25 episodes

Every week, host Elvis Mitchell conducts in-depth interviews with the most innovative and influential people working in entertainment, art, and pop culture.

The Treatment KCRW

    • Arts

Every week, host Elvis Mitchell conducts in-depth interviews with the most innovative and influential people working in entertainment, art, and pop culture.

    Tabitha Jackson: Sundance Film Festival 2022

    Tabitha Jackson: Sundance Film Festival 2022

    This week on The Treatment, Elvis welcomes Tabitha Jackson, Director of the Sundance Film Festival. This year’s festival has shifted to an online format because of the pandemic. Jackson tells The Treatment this shift will make the festival’s offerings even more inclusive than in years past. She talks about why she is worried about the “tyranny of story,” and says we have to move away from the traditional western three-act story structure to allow for a more transcendent movie-watching experience. And she recommends festival goers seek out the films they don’t think they will like.

    • 28 min
    Noah Hawley: ‘Anthem’

    Noah Hawley: ‘Anthem’

    Writer Noah Hawley on how fiction can create empathy.

    • 28 min
    Reinaldo Marcus Green: ‘King Richard’

    Reinaldo Marcus Green: ‘King Richard’

    This week on The Treatment, Elvis welcomes director Reinaldo Marcus Green, whose latest film is “King Richard,” which takes a closer look at Richard Williams, father of tennis greats Venus and Serena. Green’s other films include “Monsters and Men” and “Joe Bell.” Green tells The Treatment about the personal connection he felt to the story, growing up with an eye on playing major league baseball. He says it was important that the film show the pride the Williams family felt in their home in Compton, California. And Green says he believes Richard Williams was ahead of his time in his approach to not pushing his daughters to the edge of burning out.

    • 28 min
    Lin-Manuel Miranda: ‘tick, tick…Boom!’ and ‘Encanto’

    Lin-Manuel Miranda: ‘tick, tick…Boom!’ and ‘Encanto’

    This week on The Treatment, Elvis welcomes Lin-Manuel Miranda, the multi-talented director, actor and songwriter, who has two projects premiering at the end of 2021. The Pulitzer Prize winner for “Hamilton” directed his first feature, “tick, tick…Boom!” on Netflix, and he wrote the songs for Disney’s new film “Encanto.” The film “tick, tick…Boom!” tells the story of the late playwright and composer Jonathan Larson, and Miranda says seeing a production of “tick, tick…Boom!” off-Broadway after Larson’s death solidified his desire to create his own art, even if no one would ever see it. Miranda says he was inspired by the “Golden Age” of Disney musicals in writing the songs for “Encanto.” And he says both the late Stephen Sondheim and rapper Jay-Z show the importance of making music reflect the way people speak.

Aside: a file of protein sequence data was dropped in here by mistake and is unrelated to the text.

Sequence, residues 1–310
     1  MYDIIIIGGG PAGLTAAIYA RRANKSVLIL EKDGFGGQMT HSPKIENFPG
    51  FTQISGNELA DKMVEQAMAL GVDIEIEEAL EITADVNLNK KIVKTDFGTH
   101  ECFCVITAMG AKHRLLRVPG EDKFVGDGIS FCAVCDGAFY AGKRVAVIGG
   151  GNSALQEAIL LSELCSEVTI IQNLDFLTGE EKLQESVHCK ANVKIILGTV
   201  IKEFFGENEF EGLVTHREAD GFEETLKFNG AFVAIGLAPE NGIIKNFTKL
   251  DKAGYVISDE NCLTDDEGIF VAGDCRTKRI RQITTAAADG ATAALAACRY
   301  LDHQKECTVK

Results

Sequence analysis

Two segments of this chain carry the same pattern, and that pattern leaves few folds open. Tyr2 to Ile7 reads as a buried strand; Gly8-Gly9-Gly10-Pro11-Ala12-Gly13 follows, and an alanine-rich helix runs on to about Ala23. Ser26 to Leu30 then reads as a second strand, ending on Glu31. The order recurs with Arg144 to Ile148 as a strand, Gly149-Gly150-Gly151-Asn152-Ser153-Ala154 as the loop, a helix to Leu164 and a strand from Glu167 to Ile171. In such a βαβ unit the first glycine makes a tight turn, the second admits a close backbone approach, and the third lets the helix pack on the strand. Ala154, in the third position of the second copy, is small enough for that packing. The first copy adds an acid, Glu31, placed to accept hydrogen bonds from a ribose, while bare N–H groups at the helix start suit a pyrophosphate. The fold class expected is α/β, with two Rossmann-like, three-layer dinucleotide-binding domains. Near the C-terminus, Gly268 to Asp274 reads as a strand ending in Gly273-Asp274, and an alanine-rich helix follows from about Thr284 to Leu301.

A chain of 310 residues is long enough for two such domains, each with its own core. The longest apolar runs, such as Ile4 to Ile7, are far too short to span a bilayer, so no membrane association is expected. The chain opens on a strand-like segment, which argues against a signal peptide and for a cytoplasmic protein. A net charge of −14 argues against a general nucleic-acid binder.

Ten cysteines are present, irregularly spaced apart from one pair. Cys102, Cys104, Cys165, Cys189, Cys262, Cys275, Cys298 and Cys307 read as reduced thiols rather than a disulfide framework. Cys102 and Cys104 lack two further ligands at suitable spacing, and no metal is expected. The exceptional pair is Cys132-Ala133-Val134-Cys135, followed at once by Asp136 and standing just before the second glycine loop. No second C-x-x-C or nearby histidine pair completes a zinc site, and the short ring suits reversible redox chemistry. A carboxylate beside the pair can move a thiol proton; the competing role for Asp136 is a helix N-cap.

• 28 min
    Halle Berry: ‘Bruised’

    Halle Berry: ‘Bruised’

    This week on The Treatment, Elvis welcomes Oscar-winning actress and first time director Halle Berry. Berry’s directorial debut is “Bruised” on Netflix, which is about a disgraced MMA fighter who is battling her own personal demons. Berry also plays the lead in the film. She won the Oscar for her leading role in “Monster’s Ball” in 2001. Berry tells The Treatment that she is often drawn to characters who are broken down and searching. She says she actually shot one of her most challenging scenes on the first day of filming. And she says she wanted the look of the film to reflect the harsh, worn down world of the characters.

    • 28 min
    Laurie Woolever: ‘Bourdain: The Definitive Oral Biography’

    Laurie Woolever: ‘Bourdain: The Definitive Oral Biography’

    This week on The Treatment, Elvis welcomes writer Laurie Woolever, whose new book is ‘Bourdain: The Definitive Oral Biography’ about the late writer and television host Anthony Bourdain. Woolever was Bourdain’s assistant and collaborator before he died in 2018. She is also the co-host of the podcast ‘Carbface for Radio.” Woolever tells The Treatment that Bourdain wasn’t always the brash, outgoing person people saw on television. She says he was both deeply cynical and yet romantic. And she says that as open as he was about his flaws and his addictions, there were parts of himself that he held back from the public.

    • 28 min

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